I can completely understand where religious people come from. Having a superior being to put your hope into, believe they're looking over you, watching out for you. It's comforting and that belief honestly keeps some people alive which is amazing to see. I myself will never be a religious or spiritual person though. My mindset is: we live, we work, we die. That's all there is to it. We're not here for a purpose, it's completely random and down to the distance from the sun that life formed on earth and we jut have to make the most of it now we're here.
     
  11. PatrickUK

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    You seem to be making a number of statements and assumptions in this thread about Christian/Islamic scholarship, theological opinion and the nature of religious belief Multiverse and it's really not as black and white as you are making it sound. Very clearly, there are differing opinions and approaches between and within different religious denominations and communities, and we shouldn't suggest otherwise. Nor should we suggest that differences of opinion about scripture are mostly modern in origin. Even if they were, it doesn't make them any less valid because the human understanding of and relationship with God has always been evolving and always will. It's a view that may irritate or offend some people, but it's not difficult to demonstrate the truth in it.

    Nobody is in possession of facts in these matters and it's when we claim to have some grand knowledge of God or base our relationship with God on an entirely literal interpretation of scripture that we have the potential to cause harm, especially to minority groups like the LGBT community. It's more helpful to point out the different ideas and approaches, rather than strike them down as dishonest and delusional ideas.
     
  12. Multiverse

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    I will go step by step in answering the comment of @PatrickUK because I think that his view represents a view of significant number of LGBT people who are religious, and even of some who are not religious.

    If any of my statements or assumptions are wrong, then I would like to hear which my statement or assumption is wrong. I'm ready to change my view at any moment if you present my logical arguments which will show that I am wrong about something.

    Actually, I think it is, there isn't an emotional truth and then the rational/logical truth. There is only one truth. Either the Bible is against homosexual behavior, or the Bible is not against homosexual behavior. There are only 2 options, and the correct answer is true for every single person on the planet.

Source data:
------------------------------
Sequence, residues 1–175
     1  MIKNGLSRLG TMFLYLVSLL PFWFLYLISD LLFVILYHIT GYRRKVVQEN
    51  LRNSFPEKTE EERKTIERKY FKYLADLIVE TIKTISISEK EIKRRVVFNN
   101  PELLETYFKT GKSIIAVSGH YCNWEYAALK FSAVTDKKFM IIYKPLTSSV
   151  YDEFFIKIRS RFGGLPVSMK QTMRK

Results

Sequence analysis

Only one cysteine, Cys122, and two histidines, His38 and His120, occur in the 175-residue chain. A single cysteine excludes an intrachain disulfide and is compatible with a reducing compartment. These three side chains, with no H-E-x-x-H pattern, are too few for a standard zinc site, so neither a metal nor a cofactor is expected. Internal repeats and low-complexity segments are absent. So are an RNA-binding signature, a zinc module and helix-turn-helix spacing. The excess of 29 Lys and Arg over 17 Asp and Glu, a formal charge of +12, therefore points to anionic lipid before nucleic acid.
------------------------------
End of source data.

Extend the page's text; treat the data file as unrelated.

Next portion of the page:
There are different opinions on the existence of everything. Some people believe that the moon does not exist. Some people believe that the universe is 6 000 years old. Some people believe that even the sun does not exist. Some people believe that 2+2=5. Some people believe that is justifiable to torture little children. Only because some people have different opinions, that does not mean that we should respect their opinions and accept/or embrace them if they are not based on rational arguments.

    About homosexuality, they are.

    If you believe that God inspired the Bible, then you cannot claim that the Biblical God is in favor of something what is clearly condemned in the Bible. How does that makes any sense? If you believe that x xxx years ago God inspired the Bible or Quran and he said there that he is against homosexuality, why would he wait x xxx years until you are born to decide that, after all, he is not against homosexuality?
    And that would either mean that God lied x xxx years ago, or that he changed his mind

    What is more likely, that all-knowing, all-powerful and all-good being lied or changed his mind about something what you desperately want to be true, or that you are deceived by wishful thinking?


    I think we are in possession of facts on this particular matter. If you believe that the Bible is inspired by God, then we can say what God is thinking, because we can say what the Bible says. If you deny that we can say anything about the Bible, then why stop on homosexuality? Why not deny the fact that the Bible is againt murder, adultery, rape, child abuse, and many other things? Why say only homosexuality, which is also accidentally something what you like.